DIY hits 12-year low as home maintenance spend falls
Published:  28 June, 2011

LONDON: Spending on DIY has fallen to a 12-year low with spending down 13% last year to £9.5bn from £10.9bn in 2009.

A report by Lloyds TSB says last year's figure is lower than at any point since 1998, when the home and garden improvement frenzy was at its height.

Lloyds TSB said total expenditure on home maintenance - combining DIY and trade services - had fallen by 9% last yea from £17.8bn in 2009 to £16.2bn in 2010.

The amount spent on trade provided services fell by 3% over this period, from £6.9bn to £6.7bn.

Suren Thiru, a housing economist at Lloyds TSB, believes the DIY downturn is temporary and Britons will rediscover their passion for it when the economy improves. "The current squeeze on household finances from high inflation and weak earnings growth has made it difficult for many households to spend as much as they used to on discretionary items such as home maintenance," he said.

But the benefits of "maintaining or improving your property are likely to ensure that, over the long term, the popularity of DIY will remain enduring".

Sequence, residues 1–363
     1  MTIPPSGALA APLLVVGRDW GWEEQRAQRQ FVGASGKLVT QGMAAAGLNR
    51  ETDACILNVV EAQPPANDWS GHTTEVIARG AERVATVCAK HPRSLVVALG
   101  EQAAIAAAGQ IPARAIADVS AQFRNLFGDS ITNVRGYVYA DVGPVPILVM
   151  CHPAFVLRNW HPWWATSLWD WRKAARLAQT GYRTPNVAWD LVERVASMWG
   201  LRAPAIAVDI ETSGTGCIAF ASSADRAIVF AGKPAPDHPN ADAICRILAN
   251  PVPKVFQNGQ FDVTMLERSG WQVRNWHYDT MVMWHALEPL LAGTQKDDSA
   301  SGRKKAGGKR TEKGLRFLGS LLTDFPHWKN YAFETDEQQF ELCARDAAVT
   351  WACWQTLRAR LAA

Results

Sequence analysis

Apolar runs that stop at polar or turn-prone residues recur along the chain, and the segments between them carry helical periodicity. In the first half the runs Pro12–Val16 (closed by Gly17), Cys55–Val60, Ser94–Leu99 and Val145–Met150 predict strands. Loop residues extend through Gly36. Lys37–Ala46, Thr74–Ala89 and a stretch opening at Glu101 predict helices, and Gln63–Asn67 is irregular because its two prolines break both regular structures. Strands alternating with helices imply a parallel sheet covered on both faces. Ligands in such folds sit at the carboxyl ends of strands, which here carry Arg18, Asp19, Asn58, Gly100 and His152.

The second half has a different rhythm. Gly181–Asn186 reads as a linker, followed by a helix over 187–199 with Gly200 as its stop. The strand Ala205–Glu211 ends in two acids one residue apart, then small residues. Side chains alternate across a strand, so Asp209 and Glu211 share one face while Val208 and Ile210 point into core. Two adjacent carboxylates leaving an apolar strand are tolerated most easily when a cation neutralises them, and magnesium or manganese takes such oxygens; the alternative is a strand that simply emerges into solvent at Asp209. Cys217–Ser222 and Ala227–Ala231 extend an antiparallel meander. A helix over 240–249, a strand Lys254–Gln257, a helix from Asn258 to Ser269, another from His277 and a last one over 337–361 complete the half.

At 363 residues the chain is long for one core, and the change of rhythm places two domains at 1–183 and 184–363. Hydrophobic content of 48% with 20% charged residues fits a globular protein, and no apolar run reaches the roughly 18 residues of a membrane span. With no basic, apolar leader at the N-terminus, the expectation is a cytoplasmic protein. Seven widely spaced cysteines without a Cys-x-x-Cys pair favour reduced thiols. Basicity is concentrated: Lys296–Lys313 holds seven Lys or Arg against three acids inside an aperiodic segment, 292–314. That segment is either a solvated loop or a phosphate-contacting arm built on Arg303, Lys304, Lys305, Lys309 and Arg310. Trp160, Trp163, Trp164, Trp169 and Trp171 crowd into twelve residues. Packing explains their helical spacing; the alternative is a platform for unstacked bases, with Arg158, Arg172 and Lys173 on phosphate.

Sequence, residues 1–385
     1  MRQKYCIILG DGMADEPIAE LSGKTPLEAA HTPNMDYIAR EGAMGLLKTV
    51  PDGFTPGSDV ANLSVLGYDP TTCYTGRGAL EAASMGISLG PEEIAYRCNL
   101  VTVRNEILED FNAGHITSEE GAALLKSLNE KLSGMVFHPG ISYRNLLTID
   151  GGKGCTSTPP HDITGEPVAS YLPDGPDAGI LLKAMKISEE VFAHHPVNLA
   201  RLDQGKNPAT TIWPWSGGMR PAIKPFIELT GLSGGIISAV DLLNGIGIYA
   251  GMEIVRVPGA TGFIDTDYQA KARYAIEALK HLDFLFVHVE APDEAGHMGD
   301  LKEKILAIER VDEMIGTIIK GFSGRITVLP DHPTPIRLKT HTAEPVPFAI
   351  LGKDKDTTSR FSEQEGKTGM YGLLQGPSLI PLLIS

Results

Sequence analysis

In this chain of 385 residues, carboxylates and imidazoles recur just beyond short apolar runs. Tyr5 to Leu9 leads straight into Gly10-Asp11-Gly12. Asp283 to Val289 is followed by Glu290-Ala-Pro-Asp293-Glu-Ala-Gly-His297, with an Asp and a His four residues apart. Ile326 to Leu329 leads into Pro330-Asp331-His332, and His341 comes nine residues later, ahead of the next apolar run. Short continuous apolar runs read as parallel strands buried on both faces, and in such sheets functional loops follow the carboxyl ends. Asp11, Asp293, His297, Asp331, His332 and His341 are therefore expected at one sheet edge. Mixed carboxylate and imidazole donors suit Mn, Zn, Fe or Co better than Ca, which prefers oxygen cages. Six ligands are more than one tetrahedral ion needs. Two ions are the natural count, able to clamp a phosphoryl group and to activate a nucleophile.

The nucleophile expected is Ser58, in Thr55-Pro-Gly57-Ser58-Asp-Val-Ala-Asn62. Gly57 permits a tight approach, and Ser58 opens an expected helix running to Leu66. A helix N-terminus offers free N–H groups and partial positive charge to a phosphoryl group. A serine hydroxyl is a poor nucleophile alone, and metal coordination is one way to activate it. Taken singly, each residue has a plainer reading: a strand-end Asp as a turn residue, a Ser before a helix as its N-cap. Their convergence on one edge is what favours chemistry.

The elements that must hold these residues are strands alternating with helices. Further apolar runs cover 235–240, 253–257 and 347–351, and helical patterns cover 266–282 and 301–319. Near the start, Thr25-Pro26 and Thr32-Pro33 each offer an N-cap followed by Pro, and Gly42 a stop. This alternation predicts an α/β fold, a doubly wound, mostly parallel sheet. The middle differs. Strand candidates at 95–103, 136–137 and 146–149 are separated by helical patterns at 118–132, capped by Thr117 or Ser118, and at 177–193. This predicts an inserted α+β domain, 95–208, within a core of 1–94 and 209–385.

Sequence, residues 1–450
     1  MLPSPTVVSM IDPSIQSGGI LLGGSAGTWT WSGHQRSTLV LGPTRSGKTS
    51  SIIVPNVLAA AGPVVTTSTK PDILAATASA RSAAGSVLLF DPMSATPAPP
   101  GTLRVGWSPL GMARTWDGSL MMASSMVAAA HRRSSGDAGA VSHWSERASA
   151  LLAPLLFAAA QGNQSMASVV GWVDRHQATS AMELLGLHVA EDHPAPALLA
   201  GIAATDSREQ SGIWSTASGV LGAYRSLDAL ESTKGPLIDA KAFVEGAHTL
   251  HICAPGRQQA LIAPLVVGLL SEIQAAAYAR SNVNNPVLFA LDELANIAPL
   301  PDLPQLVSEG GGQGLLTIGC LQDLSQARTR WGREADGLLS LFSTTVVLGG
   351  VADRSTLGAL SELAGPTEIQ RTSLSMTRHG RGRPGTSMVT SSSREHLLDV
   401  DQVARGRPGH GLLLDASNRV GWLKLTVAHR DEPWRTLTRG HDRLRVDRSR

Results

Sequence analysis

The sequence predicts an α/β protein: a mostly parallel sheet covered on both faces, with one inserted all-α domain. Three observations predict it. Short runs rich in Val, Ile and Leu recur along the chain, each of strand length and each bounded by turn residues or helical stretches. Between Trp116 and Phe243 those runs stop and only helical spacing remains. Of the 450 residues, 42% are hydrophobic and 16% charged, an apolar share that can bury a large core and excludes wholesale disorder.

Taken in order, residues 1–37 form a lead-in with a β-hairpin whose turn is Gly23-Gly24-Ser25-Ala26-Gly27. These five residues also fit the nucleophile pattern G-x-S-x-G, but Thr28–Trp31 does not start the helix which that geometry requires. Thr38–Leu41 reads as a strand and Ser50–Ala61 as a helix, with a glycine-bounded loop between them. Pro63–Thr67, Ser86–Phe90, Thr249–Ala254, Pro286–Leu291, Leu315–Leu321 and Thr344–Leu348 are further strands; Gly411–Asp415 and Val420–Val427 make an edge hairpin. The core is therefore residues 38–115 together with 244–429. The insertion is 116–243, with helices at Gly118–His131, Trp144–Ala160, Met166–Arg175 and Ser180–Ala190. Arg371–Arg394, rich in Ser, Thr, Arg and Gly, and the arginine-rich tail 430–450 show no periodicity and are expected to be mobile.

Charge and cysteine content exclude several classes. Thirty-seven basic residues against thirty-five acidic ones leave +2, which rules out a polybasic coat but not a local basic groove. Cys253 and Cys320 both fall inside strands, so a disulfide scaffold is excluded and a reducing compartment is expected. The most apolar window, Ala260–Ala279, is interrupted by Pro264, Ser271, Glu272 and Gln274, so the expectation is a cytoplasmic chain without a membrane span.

The decline was one of the factors in the failure of the Focus DIY chain, which collapsed in May with the closure of 120 outlets and the loss of 3,000 jobs.

The DIY sector has been among the hardest hit as the housing market, one of the most important forces behind spending on home improvements, collapsed.

One of the administrators appointed to oversee the winding up of Focus, Simon Allport of Ernst & Young, said: "UK retailers are facing one of the most challenging retail environments in recent times and the DIY sector has become highly competitive, with only the strongest players being able to thrive and survive."




Sign Up

For the Builders' Merchants News enewsletter.

In the spotlight

Recruitment

Builders Merchants Vacancies – UK Wide

We have vacancies all over the UK for those who work within the Building Supplies sector.

Guest Blog by Michael Barnett
A Bright future predicted for housing construction

One of the major talking points in the wake of the Brexit decision has been around the country’s current housing shortage with a YouGov poll from this year revealing that first time house buyers are now 38-years-old, on average.

Events Diary